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  Scott County Geohydrology

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Table of Contents

Abstract

Introduction

Geography

Geology

Ground Water

Geologic Formations

Water Levels

Well Records

Logs of Test Holes

References

Plates

 

Geology

Summary of Stratigraphy

The rocks exposed in Scott County range in age from Upper Cretaceous to Recent. The areal distribution of the formations is shown on Plate 1. The oldest rocks cropping out in the county belong to the Smoky Hill chalk member of the Niobrara formation. This member is best exposed in the northern and northeastern part of the county where streams tributary to Smoky Hill River have cut through the plains surface into the underlying Smoky Hill chalk (Pl. 4B). Other exposures of the Smoky Hill are found also in the sides of several small tributary streams entering Dry Lake from the north and west near the southeastern corner of the county (Pl. 7A). The Pierre shale, which overlies the Niobrara formation in other areas, is absent in Scott County. The Ogallala formation of Tertiary age, which rests unconformably on the Smoky Hill chalk member of the Niobrara formation, is exposed in the sides of many of the stream valleys, but over large areas it is covered by younger deposits of sand and gravel overlain by loess. The undissected plains surface is mantled by deposits of loess ranging in age from Pleistocene to Recent. Dune sand covers an area of approximately 18 square miles near the southeastern corner of the county. A narrow belt of alluvium occupies the valley of Beaver Creek throughout its course in Scott County. The soils, alluvium, drifting dune sand, and terrace deposits are the most recent deposits in the area.

Plate 7A--Thin-bedded Smoky Hill chalk member of the Niobrara formation exposed in SW SE sec. 6, T. 20 S., R. 31 W.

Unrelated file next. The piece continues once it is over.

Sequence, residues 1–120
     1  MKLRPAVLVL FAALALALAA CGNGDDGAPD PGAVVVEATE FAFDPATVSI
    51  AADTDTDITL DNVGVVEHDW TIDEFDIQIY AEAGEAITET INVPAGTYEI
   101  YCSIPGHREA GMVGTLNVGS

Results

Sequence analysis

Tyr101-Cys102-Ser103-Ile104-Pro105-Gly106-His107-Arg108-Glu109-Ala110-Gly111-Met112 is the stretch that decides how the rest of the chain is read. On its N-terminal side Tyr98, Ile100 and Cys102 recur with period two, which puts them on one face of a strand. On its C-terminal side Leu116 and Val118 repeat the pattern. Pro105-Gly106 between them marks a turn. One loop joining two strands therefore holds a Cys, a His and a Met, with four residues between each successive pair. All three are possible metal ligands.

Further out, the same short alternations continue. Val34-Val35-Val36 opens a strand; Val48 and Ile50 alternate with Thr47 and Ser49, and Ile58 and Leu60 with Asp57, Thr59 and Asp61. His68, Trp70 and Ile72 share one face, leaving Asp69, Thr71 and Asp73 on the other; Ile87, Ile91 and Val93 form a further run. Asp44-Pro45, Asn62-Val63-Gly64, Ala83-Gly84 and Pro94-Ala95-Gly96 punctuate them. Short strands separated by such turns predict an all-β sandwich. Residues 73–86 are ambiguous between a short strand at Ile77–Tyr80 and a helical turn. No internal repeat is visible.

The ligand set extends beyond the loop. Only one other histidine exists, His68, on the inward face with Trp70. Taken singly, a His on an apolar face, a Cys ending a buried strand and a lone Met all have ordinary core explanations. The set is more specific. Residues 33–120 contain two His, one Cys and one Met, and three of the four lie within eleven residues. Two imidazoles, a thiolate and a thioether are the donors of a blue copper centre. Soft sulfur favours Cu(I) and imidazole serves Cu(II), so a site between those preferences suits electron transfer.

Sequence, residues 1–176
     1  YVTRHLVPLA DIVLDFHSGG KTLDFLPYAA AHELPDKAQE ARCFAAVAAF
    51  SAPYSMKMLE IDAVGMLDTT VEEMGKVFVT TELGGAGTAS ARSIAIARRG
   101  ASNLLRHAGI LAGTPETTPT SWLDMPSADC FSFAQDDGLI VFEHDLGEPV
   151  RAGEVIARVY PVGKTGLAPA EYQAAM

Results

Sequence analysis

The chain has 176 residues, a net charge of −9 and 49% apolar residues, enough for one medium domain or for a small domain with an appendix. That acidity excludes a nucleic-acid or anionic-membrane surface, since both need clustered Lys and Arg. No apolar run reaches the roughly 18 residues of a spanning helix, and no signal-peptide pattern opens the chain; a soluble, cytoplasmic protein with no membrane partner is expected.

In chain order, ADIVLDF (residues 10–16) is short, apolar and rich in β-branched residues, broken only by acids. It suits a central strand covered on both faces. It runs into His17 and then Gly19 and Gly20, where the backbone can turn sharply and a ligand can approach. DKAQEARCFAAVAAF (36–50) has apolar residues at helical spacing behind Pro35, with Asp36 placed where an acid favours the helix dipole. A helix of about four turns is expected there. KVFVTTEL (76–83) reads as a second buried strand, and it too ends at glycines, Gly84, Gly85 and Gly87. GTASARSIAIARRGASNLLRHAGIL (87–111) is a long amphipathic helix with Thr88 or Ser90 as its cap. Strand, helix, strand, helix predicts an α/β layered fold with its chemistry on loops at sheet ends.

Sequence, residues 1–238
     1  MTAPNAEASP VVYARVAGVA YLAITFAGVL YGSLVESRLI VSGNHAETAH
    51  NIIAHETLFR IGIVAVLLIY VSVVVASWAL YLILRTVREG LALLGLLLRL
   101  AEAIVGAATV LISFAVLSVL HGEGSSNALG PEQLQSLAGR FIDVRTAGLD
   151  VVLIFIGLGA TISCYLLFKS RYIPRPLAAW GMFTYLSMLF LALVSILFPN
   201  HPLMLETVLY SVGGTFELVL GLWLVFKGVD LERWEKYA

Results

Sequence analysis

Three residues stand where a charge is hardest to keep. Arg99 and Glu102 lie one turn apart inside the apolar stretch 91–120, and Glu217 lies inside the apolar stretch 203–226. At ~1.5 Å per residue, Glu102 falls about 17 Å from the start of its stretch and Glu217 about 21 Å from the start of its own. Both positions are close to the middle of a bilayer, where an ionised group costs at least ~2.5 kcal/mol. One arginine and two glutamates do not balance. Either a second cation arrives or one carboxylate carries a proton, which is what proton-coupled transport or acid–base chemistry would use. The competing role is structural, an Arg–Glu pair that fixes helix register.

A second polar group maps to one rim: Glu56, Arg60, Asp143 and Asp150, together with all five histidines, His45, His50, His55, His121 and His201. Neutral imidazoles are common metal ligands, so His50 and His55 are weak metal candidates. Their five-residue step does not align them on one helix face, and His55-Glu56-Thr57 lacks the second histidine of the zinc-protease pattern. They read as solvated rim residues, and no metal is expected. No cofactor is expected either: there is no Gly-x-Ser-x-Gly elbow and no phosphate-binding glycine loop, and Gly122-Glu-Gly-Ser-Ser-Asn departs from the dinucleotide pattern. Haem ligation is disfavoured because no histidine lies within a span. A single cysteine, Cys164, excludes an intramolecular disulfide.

black and white photo of outcrop, not much relief, rock hammer for scale, exposure 3-4 feet across

The character and ground-water supply of the geologic formations in Scott County are described briefly in the generalized section given in Table 1 and in more detail in the section on geologic formations and their water-bearing properties.

Geologic History

Parts of the following discussion are taken from a report by Darton (1906, pp. 45-46).

The exposed rocks in Scott County are underlain by older sedimentary rocks of pre-Cambrian age. The stratigraphic sequence of the rocks underlying the surface is fairly well known from the togs and well cuttings of each of the oil tests in the Shallow Water oil pool in south-central Scott County.

 

Table 1--Generalized section of the geologic formations in Scott County, Kansas.

System Series Formation Member Thickness
(feet)
Physical character Water supply
Quaternary Pleistocene and Recent Alluvium 0-20 ± Gravel, sand, silt and clay comprising stream deposits in Beaver (Ladder) Creek valley. Yields small supplies of relatively hard water to wells in Beaver (Ladder) Creek valley.
unconformable on older formations
Dune sand 0-50 ± Fine to medium sand. Mantles small areas in the southeastern part of the county. Except where reopened by recent blowouts, the dunes are stabilized by vegetation. Probably does not supply water directly to wells but is important as a favorable catchment area for ground-water recharge to adjacent and underlying formations.